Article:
BOSTON, Aug. 8 (JTA) — With their boy-band good looks and intelligent songwriting, the pop duo of Evan and Jaron Lowenstein are making it big and are poised to make it even bigger.
The talented identical twins from Atlanta’s Yeshiva High School have lived together since they were, well, embryos, and have been playing together since 1993. In that time they’ve performed with Burt Bachrach, Mick Fleetwood, Jimmy Buffett, Bonnie Raitt and Vice President Al Gore.
The 27-year-old brothers, who once toured the country as semi-pro baseball players, now harmonize on hits such as “Crazy for This Girl” and “From My Head to My Heart” before audiences of screaming girls.
“It’s been quite a ride,” says Evan, speaking to JTA from a hotel sauna in Denver.
Rugged individualists, the singer-songwriters keep a close eye on every part of their careers.
“We used to do it all for ourselves,” Evan says, recalling the days when the brothers handled their own writing, arranging, booking, performing and publicity. “We’ve always felt it was important to understand the whole package. The more you understand the business, the more you can protect the art.”
Fortunately, they now have some help. Recently back from a tour sponsored by Chanel, the folk-rock duo signed with Columbia Records last year.
Evan and Jaron say their fans make it all worthwhile.
“We love to play for them,” Evan says. “That’s what makes it fun.”
But couldn’t one say there’s an even higher authority at work? As observant Jews — they’re careful about using the word Orthodox — Evan and Jaron are closely involved with their religion, but say they’re not overly so.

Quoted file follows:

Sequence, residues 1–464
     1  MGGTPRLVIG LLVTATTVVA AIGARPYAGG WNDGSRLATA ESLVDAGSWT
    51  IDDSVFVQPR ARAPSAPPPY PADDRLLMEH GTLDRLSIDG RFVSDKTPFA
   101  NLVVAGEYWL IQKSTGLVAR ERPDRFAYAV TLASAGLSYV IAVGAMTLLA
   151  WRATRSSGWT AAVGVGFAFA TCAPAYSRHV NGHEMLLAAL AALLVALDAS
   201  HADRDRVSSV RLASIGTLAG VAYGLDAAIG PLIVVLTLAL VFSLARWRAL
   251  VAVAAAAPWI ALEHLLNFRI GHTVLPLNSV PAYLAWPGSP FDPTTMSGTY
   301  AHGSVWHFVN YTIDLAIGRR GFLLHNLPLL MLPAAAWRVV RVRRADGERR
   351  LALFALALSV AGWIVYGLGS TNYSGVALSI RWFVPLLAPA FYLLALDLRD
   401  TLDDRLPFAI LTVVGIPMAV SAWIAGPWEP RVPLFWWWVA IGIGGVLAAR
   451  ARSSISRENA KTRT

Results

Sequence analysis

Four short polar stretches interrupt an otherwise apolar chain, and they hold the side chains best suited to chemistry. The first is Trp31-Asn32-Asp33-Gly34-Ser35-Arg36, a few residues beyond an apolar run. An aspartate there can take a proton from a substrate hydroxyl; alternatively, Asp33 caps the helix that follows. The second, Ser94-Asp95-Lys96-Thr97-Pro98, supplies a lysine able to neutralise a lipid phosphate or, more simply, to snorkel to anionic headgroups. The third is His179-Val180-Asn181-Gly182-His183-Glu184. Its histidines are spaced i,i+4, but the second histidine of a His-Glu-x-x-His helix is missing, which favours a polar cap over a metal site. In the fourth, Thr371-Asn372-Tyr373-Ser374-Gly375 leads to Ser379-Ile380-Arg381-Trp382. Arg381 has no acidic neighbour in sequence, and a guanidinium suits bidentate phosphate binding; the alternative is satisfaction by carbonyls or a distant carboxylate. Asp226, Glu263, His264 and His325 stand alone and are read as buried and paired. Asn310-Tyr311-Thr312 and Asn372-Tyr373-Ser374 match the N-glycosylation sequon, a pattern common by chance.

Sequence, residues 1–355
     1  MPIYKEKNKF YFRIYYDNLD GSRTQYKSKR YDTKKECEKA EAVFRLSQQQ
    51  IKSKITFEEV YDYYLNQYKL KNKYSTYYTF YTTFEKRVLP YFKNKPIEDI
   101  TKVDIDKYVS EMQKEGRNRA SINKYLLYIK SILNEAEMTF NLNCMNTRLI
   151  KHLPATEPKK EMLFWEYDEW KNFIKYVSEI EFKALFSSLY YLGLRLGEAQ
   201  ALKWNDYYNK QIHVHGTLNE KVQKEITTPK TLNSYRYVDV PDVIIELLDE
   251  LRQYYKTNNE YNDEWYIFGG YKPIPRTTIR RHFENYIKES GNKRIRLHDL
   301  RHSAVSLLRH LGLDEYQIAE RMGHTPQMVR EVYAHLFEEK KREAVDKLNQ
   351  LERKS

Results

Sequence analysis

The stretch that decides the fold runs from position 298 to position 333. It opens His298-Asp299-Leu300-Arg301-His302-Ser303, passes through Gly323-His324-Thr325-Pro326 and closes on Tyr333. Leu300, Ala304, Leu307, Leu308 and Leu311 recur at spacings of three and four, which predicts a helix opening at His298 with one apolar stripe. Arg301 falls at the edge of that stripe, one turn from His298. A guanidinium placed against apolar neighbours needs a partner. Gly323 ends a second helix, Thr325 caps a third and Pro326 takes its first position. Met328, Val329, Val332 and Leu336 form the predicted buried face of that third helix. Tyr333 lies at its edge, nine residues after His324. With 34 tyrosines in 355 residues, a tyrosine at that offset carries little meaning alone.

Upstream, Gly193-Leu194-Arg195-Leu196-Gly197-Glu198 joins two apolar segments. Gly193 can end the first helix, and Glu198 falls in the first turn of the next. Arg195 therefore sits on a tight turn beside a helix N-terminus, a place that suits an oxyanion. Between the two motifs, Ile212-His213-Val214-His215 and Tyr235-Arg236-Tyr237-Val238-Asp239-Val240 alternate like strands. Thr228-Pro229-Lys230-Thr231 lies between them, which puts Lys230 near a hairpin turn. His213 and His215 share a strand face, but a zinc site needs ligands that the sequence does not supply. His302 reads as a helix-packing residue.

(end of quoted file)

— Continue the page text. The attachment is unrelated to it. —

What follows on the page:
“It serves as a great blueprint for my life and I have found success in it,” Evan says, “but I do not find religion handcuffing.”
The two keep kosher on tour and never play on the Sabbath.
The Lowensteins demonstrate their faith with a publishing company called “Tzitzis What We Do,” which Evan claims took its name from a friend’s misunderstanding of Hebrew. In addition, their hit single, “From My Head to My Heart” subtly traces the path of phylacteries.
Still, the duo prefer to focus on their music.
“I don’t wear my religion on my sleeve, but I do wear it in my heart,” Evan says.
As a result, the brothers have been very careful about how they handle their fame, fans and philosophies.
“We held off from doing Jewish press for a long time,” Evan says. “We didn’t want everything to be focused on that part of our lives.”
In fact, the boys say they much prefer to tell their own story by sending out e-mail accounts from the road.
“We try to get something on our site as often as we can to let our fans keep in touch and let them see what life on the road is really like,” Evan says, citing the duo’s website at www.evanandjaron.com. In addition to letters from the road, fans can check out the brothers’ personal histories, tour dates and photos.
“It’s a great way to keep in touch with our fans,” Evan says.
In considering his religion and his art, Evan sees an interesting dichotomy.
“Religion is about structure,” he suggests, “and rock is about lack of structure.”
Labeling themselves as “musicians who are Jewish” rather than “Jewish musicians,” Evan and Jaron say they’ve been influenced by the beautiful sounds of their tradition, but no more than any other style of music.
“We grew up listening to everything from Hebrew to Jimi Hendrix,” Evan recalls. “Religious music is beautiful — but right now, we want to rock!”
The Archive of the Jewish Telegraphic Agency includes articles published from 1923 to 2008. Archive stories reflect the journalistic standards and practices of the time they were published.